If you’re retired, you might bemoan the lack of high-yield value investments available today. A rising stock market has pushed dividend yields lower and P/E ratios higher. Faced with this situation, you might feel resigned to lower yield going forward. But before you give up hope for value and yield, it helps to look at the landscape. While the broad market indexes are fairly expensive and low yield, there are many individual investments that offer value and dividends aplenty. In this article, I will explore three such investments you can buy on the TSX today.
Northwest Healthcare Properties REIT
Northwest Healthcare Properties REIT (TSX:NWH.UN) is a Canadian REIT that rents out healthcare office space. At today’s prices, it yields about 6%. That means you get $6,000 in annual cash back on a $100,000 position — assuming no dividend hikes.
Northwest Healthcare has operations in both Canada and the European Union. In both of these regions, healthcare is largely government funded, giving Northwest’s tenants unparalleled ability to pay. That fact is borne out in the company’s recent results. In 2020, NWH.UN collected a 97% share of typical rent. In the same year when COVID-19 was devastating residential and retail REITs, Northwest thrived. Still, the stock is cheap enough that you can get a solid 6% yield on it — not a bad dividend play for 2021.
Royal Bank of Canada
Royal Bank of Canada (TSX:RY)(NYSE:RY) is a Canadian bank stock that yields 3.66%. That’s not quite the monster yield you’ll get with NWH.UN, but it has a lot of growth potential. In the first quarter, Royal Bank’s earnings increased by 10% year over year. That easily surpassed analyst estimates and provided fuel for dividend increases going forward. Over the last five years, RY has increased its dividend by 6.34% annualized. Despite that, it still has a fairly low payout ratio. So, if you buy it today at a 3.7% yield, you could see a much higher yield on cost in the future.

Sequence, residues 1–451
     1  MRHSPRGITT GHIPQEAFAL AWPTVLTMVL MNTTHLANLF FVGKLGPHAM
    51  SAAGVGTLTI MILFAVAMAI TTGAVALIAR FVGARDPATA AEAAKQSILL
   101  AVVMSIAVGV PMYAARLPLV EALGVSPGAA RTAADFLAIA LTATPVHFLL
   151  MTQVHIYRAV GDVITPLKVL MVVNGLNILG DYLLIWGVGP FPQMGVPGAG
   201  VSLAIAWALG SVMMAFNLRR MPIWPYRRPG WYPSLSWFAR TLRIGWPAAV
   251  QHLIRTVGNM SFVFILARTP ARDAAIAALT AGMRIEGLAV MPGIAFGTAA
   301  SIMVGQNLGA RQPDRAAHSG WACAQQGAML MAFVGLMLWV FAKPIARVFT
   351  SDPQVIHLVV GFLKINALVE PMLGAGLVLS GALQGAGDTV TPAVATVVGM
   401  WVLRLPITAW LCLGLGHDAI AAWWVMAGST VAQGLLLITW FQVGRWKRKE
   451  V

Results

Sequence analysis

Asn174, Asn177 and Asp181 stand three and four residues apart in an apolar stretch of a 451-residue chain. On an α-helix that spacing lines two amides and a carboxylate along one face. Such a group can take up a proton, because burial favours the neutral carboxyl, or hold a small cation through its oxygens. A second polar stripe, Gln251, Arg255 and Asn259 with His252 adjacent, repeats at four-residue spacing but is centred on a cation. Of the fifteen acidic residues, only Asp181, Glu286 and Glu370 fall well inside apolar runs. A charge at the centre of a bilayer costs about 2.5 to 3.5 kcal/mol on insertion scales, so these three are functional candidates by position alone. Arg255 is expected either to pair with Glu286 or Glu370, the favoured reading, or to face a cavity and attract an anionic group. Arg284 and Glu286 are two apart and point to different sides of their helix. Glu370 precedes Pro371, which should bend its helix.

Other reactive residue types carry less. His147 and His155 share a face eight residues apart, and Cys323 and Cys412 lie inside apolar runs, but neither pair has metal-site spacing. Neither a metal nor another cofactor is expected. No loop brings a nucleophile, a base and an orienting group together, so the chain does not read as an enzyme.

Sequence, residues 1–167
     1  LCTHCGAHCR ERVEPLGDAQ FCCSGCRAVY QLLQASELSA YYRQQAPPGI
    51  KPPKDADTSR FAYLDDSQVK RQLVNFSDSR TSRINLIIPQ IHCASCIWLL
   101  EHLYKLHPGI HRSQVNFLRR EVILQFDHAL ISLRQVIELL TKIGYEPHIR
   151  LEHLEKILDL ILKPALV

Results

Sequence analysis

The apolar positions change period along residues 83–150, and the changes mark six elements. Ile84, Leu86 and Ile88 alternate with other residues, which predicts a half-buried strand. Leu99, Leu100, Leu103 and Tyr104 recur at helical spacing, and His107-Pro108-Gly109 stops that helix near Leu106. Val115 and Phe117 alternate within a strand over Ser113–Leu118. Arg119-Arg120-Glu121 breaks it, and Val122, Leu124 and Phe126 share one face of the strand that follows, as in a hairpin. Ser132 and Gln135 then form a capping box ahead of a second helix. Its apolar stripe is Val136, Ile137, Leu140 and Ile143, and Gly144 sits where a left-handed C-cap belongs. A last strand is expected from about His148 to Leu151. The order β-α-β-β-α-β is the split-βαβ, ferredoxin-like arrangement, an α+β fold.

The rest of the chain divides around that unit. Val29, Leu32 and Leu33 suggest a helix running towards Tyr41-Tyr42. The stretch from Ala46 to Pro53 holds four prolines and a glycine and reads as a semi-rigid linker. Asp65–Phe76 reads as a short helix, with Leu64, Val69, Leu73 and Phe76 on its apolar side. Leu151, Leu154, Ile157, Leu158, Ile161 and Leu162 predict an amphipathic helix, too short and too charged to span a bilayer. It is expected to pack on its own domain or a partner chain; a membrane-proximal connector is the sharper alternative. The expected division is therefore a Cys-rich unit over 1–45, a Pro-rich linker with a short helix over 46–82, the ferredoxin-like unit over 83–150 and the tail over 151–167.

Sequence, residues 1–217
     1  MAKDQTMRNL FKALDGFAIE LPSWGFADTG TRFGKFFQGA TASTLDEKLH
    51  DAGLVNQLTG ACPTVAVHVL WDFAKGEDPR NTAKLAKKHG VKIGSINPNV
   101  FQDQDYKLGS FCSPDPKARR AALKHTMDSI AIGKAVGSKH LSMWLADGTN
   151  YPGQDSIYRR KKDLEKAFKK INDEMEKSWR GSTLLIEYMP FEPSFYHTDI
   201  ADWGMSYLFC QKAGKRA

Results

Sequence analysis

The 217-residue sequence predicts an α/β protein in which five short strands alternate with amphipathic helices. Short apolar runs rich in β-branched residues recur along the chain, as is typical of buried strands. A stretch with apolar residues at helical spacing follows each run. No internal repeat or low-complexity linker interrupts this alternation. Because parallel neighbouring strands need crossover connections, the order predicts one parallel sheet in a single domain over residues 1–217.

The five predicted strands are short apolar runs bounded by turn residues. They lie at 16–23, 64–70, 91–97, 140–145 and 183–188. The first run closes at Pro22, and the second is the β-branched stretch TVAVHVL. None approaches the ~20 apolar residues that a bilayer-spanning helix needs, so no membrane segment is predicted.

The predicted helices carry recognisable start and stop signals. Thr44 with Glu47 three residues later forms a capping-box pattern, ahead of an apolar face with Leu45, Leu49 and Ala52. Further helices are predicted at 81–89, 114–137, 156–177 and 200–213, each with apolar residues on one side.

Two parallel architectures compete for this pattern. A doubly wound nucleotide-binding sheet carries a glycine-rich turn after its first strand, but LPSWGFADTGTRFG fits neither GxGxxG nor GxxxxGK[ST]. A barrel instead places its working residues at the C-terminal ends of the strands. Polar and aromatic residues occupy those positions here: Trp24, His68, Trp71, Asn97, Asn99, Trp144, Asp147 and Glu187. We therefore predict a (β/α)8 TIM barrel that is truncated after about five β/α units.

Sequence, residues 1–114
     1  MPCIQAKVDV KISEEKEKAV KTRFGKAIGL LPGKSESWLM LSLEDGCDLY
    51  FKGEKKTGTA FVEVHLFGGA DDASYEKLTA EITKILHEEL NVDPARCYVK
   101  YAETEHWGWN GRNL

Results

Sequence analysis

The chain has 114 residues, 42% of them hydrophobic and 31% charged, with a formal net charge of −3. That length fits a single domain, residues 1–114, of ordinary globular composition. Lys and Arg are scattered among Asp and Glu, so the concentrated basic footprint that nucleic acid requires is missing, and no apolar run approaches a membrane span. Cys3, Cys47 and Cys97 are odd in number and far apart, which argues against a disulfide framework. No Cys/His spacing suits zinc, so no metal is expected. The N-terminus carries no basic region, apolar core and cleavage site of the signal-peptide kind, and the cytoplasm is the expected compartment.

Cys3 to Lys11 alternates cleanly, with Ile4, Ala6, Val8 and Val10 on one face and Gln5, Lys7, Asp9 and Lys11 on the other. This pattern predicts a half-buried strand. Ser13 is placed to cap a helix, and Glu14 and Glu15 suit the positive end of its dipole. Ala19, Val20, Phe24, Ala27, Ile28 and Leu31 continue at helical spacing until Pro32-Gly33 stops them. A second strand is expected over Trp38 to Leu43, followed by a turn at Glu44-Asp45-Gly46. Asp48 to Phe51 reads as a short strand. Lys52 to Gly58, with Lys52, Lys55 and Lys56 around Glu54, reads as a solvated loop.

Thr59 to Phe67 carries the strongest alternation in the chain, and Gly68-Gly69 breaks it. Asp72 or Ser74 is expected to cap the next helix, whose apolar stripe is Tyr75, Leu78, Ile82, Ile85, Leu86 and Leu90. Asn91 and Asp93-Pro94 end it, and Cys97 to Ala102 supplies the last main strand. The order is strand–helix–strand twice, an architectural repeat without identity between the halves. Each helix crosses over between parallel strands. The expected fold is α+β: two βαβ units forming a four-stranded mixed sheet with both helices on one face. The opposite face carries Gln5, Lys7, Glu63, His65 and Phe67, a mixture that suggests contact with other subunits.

Last but not least, we have BCE (TSX:BCE)(NYSE:BCE). BCE is a mega-high yield telco stock that pays out 6%. Before going any further, I should clarify that this stock’s high yield is partially due to poor capital gains. The stock is down slightly over five years, and such negative price movements increase the yield. But it can also indicate a business that’s not in such a great place.
Nevertheless, BCE’s yield today is high. It is also backed by some dividend growth. Over the last five years, BCE’s dividend has grown by about 5% annualized. If that continues, then your yield on cost tomorrow will be higher than your yield today. Of course, BCE stock is down for a reason. Its most recent quarter saw negative year-over-year growth rates in revenue, net income, and free cash flow. It should also be noted that BCE has substantial investments in media, and advertising revenue has been lower in the COVID-19 era than it was before. Continued dividend growth is far from guaranteed, but the yield today is already very high, and the stock may see gains in the post-pandemic world.
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This article represents the opinion of the writer, who may disagree with the “official” recommendation position of a Motley Fool premium service or advisor. We’re Motley! Questioning an investing thesis — even one of our own — helps us all think critically about investing and make decisions that help us become smarter, happier, and richer, so we sometimes publish articles that may not be in line with recommendations, rankings or other content.
Fool contributor Andrew Button owns shares of ROYAL BANK OF CANADA. The Motley Fool recommends NORTHWEST HEALTHCARE PPTYS REIT UNITS.